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Eventing Explained: How to Learn Gallop Pace for Cross-Country

Eventing Explained: How to Learn Gallop Pace for Cross-Country

Sally Spickard

Eventing, for all its elements, is all about showing a rideable, brave, adjustable horse. For that reason, one element of the cross-country phase is that of speed. At each level of eventing, the cross-country course is set at a specific length and speed. After factoring in the pace for that level in meters per minute (mpm) and measuring the length of the course, the course designer then sets the optimum time for completing the course.
At each level, the meters per minute pacing is broken down as follows (see section Appendix 2 of the US Equestrian eventing rulebook here for more details):
Beginner Novice: 300-350 mpm
Novice: 350-400 mpm
Training: 420-470 mpm
Modified: 490 mpm
Preliminary: 520 mpm
Intermediate: 550 mpm
Advanced: 570 mpm
To put some of these into more easily visualized paces, a Beginner Novice mpm would be between 11 and 13 miles per hour, while an Advanced horse would travel around 21 miles per hour.
While riders at any level should, first and foremost, focus on proper jump position and technique rather than galloping hell-bent for time, integrating pace training should still be a part of any eventer’s training. After all, cross-country riding is built on the practice of riding at speed, taking jumps out of stride efficiently. Positive, forward riding is encouraged on cross-country, so learning how to feel and manage your speed will help smooth out your course.

Photo courtesy of Cindy Lawler
Advanced level event rider and coach Ashley Kehoe of Lexington, Ky. has a background in Pony Club, where riders are taught early on how to know their gallop pace. Learning pace, Ashley says, is an important part of even a lower-level rider’s education. But how do you go about learning? Before you just go off tearing around a field as fast as you can, here’s a simple way to start practicing:
“Mark off 100 meters, preferably in a flat field or an arena if that’s all you have,” Ashley instructs. “Depending on your space, it may take you one or two laps around.” Have a friend around to help you with your time, or wear a stopwatch if you’re on your own, and make sure you don’t have the distance marked in a small arena with tight turns that will prove dangerous.
Once you have your meters marked, take into account your level of riding. If you’re riding at the Novice level, Ashley says, you’ll cover that 100 meter stretch in about 15 seconds. A Training level horse should cover the 100 meters in about 14 seconds, and so on and so forth. Practicing the appropriate pace – and it’s safer to start slow and build – will help you start to learn to “feel” your pace.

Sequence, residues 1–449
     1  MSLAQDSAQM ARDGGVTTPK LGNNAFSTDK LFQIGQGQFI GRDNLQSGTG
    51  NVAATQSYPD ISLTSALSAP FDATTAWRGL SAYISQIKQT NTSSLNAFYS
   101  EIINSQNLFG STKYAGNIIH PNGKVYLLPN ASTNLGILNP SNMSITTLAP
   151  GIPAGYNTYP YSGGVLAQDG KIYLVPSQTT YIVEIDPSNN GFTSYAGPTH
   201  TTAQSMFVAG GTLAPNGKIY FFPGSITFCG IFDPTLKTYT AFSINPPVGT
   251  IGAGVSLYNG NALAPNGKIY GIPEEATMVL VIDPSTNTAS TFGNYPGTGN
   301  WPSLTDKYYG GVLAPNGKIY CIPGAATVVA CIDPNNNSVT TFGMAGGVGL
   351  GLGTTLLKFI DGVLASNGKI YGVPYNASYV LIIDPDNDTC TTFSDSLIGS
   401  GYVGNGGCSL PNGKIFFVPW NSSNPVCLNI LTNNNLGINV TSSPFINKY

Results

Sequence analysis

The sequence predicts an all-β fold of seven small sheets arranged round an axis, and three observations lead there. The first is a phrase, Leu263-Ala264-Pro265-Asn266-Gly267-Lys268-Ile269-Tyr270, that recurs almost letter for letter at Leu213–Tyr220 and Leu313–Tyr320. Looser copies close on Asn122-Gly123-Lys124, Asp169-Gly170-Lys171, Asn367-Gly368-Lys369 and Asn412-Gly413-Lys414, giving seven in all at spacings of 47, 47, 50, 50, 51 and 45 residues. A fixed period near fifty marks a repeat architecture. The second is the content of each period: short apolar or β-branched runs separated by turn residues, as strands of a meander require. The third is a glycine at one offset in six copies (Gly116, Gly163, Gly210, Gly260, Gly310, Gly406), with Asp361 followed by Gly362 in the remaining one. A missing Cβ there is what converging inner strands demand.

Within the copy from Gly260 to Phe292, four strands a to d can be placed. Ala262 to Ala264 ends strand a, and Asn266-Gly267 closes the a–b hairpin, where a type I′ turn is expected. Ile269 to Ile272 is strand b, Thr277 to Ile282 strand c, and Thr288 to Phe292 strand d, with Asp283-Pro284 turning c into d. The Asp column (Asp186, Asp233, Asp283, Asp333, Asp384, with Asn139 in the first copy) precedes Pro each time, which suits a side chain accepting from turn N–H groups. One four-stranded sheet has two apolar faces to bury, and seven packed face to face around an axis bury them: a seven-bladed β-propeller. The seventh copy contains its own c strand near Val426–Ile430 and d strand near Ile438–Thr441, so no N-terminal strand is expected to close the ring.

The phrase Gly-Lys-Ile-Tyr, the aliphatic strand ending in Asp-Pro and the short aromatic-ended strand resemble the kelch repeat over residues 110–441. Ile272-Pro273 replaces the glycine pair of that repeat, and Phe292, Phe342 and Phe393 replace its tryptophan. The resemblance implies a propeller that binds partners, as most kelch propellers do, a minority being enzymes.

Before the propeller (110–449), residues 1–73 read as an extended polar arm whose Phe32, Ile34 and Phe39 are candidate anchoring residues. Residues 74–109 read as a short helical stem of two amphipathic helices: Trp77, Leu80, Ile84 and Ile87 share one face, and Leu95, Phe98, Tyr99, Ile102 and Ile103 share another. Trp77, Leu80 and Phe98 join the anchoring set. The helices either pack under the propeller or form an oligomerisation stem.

Feeling a little stiff? Try these stretches to maximize your ride.

When you’re practicing your pace, take the opportunity to also practice your galloping position. Even at the lower levels, it’s important to learn the fundamentals of a good gallop position. This allows the rider to ease off of their horse’s back and really encourage the horse to use his engine. Plus, Ashley reminds us, you can’t expect your position to be solid if you don’t practice.

“It takes very different muscles to stabilize your galloping position with short stirrups than it does for show jumping or dressage.”

“You can practice by putting your stirrups to your cross-country length, or even a couple of holes higher,” Ashley says. “Walk around with the shorter stirrups, doing some walk work and incorporating transitions, and then the same with the trot and canter when you’re ready and able to. The different movements going on under you will test your position – you must be very strong in your adductor muscles and lower back.”
And while you work on your own position and fitness, your horse’s level of fitness will also increase. Fitness work is important for any horse, as proper fitness can help reduce the occurrence of injury that comes from bad steps or poor breathing. Use a FLAIR Equine Nasal Strip to open your horse’s nasal passage during your pace training – this will help your horse breathe easier, thus making his job easier. The FLAIR strip will also help your horse take in more oxygen post-exercise when left on during cool-down.

See Also
Warmbloods vs. Thoroughbreds: Which Ride Do You Prefer?

Yes, your lower level horse still needs to be fit. Here’s why.

By integrating some pace training into your routine, you’ll see that you’re more comfortable with forward riding out on cross-country. Riding positively will help improve your distances and confidence, which go hand-in-hand with safe riding. Make sure to enlist the help of a coach who has experience with pace if you’re unsure, and practice the basics to give yourself a big leg up at your next event.

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